A couple of weeks ago, I wrote how the Australian had misrepresented Rajendra Pachauri (IPCC head), falsely claiming that he supported the Australian government’s policy of delay. Media Watch has the latest developments. Pachauri wrote to the Australian:
I am writing to convey my deep disappointment at the news report in your newspaper of August 9 with the headline, “Climate expert backs Canberra”. Nothing that I said in my telephone interview with Mr Matthew Warren implied or even remotely conveyed that I supported or opposed the Australian Government’s policies on climate change.
I am surprised that a very general opinion that I expressed without reference to any country was twisted around to create the impression that I supported the current government’s stance on climate change. That was a total distortion of my comments. I would not put myself in the position of passing judgement on the policies of any sovereign government. The public and voters of Australia will do so in the coming months, as indeed they must.
I merely stated the obvious that in a democracy action on mitigation and adaptation to climate change must necessarily follow analysis and public debate at a serious level. What I said about “macroeconomic effects” was in response to a question from Mr Warren, whereby I stated the obvious that naturally economic implications have to be part of the analysis of options. He conveniently omitted what I said about the low cost of action even for a stringent level of mitigation as brought out in the report of Working Group 3 of the IPCC. I also highlighted the co-benefits at the local level, such as higher energy security and health benefits from lower air pollution, etc.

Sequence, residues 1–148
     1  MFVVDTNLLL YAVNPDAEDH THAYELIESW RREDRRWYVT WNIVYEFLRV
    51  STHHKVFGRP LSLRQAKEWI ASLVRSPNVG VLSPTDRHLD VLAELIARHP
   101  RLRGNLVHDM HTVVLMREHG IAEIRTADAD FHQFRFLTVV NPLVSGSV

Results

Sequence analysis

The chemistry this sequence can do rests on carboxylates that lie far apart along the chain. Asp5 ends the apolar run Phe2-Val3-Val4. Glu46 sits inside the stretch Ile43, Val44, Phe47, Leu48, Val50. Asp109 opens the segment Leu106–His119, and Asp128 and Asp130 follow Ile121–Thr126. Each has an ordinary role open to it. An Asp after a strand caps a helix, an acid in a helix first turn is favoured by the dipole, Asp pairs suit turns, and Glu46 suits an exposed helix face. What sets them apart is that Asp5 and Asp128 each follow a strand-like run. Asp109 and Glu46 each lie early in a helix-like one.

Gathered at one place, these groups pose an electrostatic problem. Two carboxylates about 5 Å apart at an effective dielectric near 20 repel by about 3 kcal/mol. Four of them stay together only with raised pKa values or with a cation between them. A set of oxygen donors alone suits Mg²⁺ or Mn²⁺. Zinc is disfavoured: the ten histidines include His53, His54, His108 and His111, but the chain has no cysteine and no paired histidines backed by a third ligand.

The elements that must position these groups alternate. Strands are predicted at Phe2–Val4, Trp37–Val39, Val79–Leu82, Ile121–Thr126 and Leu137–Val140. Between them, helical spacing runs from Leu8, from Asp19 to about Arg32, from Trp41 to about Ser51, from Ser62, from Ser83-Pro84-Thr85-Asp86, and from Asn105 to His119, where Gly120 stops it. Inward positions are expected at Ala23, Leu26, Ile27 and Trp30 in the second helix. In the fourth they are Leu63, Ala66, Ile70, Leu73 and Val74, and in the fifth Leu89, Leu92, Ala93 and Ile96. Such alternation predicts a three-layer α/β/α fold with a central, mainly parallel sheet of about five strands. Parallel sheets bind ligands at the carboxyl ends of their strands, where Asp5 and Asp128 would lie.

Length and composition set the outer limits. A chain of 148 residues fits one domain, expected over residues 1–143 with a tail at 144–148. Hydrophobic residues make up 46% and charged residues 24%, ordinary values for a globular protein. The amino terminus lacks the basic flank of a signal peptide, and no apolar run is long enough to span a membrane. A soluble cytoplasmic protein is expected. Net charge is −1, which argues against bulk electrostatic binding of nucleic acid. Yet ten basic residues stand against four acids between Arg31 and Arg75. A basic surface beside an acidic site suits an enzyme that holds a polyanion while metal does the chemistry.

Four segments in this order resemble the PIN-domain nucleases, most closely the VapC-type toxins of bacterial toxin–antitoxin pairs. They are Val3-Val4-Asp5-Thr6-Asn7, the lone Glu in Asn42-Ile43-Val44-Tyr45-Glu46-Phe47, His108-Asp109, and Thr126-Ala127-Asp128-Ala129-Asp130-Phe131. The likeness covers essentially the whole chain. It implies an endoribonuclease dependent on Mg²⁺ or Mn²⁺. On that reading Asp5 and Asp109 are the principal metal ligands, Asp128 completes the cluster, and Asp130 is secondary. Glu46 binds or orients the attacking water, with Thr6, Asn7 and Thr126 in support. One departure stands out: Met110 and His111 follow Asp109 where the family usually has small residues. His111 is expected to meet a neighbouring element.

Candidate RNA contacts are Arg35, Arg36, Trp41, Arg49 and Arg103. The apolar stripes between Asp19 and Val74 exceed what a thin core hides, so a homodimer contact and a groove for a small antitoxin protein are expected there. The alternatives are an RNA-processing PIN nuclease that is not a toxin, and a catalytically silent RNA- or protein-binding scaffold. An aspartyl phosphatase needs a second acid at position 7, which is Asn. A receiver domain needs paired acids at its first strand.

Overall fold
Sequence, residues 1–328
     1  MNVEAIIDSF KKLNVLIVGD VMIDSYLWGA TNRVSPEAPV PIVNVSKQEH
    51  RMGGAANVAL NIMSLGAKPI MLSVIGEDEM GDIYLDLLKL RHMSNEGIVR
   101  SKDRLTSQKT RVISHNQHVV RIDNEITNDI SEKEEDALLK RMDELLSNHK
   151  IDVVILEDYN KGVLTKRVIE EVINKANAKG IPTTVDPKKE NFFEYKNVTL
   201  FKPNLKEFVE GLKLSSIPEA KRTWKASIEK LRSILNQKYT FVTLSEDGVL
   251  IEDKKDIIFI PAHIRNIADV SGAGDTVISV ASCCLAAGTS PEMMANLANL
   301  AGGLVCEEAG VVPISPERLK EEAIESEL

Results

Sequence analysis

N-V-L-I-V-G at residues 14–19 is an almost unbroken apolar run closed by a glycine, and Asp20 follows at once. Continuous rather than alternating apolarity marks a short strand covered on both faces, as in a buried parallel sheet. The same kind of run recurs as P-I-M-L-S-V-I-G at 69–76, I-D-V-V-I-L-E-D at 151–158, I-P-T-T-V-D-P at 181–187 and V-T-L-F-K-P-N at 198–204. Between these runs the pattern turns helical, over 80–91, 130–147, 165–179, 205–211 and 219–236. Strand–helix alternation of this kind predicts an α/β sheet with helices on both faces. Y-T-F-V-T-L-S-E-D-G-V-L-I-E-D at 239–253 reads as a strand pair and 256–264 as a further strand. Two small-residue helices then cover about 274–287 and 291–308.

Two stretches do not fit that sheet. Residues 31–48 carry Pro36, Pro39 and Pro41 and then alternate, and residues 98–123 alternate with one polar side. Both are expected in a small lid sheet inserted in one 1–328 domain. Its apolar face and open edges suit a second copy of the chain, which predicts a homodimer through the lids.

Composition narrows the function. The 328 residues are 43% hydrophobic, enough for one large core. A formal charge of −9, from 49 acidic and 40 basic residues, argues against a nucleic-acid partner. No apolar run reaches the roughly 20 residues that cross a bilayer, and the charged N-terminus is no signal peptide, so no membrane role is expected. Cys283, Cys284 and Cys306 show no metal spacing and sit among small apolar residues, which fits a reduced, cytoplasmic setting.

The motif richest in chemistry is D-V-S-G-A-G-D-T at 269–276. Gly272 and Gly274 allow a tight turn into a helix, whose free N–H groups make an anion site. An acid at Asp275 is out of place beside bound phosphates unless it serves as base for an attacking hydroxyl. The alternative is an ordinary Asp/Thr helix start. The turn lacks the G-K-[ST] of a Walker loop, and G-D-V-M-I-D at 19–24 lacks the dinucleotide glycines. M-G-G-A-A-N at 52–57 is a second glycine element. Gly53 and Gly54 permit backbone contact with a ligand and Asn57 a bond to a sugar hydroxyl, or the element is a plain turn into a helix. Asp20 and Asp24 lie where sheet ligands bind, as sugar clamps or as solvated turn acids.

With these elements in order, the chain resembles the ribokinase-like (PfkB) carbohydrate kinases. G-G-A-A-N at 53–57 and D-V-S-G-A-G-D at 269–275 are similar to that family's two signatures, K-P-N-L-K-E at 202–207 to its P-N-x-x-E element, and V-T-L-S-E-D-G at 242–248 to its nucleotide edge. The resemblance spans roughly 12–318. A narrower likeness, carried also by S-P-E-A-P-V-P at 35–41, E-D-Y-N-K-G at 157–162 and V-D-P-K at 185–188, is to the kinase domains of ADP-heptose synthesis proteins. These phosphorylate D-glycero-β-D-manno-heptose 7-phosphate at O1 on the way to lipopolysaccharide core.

The Australian did not print Pachauri’s letter. Instead, this weekend they repeated their misrepresentation:
… the head of the world’s leading climate change organisation, the Intergovernmental Panel on Climate Change, Rajendra Pachauri, recently backed Canberra’s decision to defer setting a long-term target for reducing greenhouse emissions …
The initial story that the Australian published may have been an unintential error on their part, but refusing to print Pachauri’s correction and reprinting a story that they surely knew to be untrue, looks like a deliberate attempt to deceive.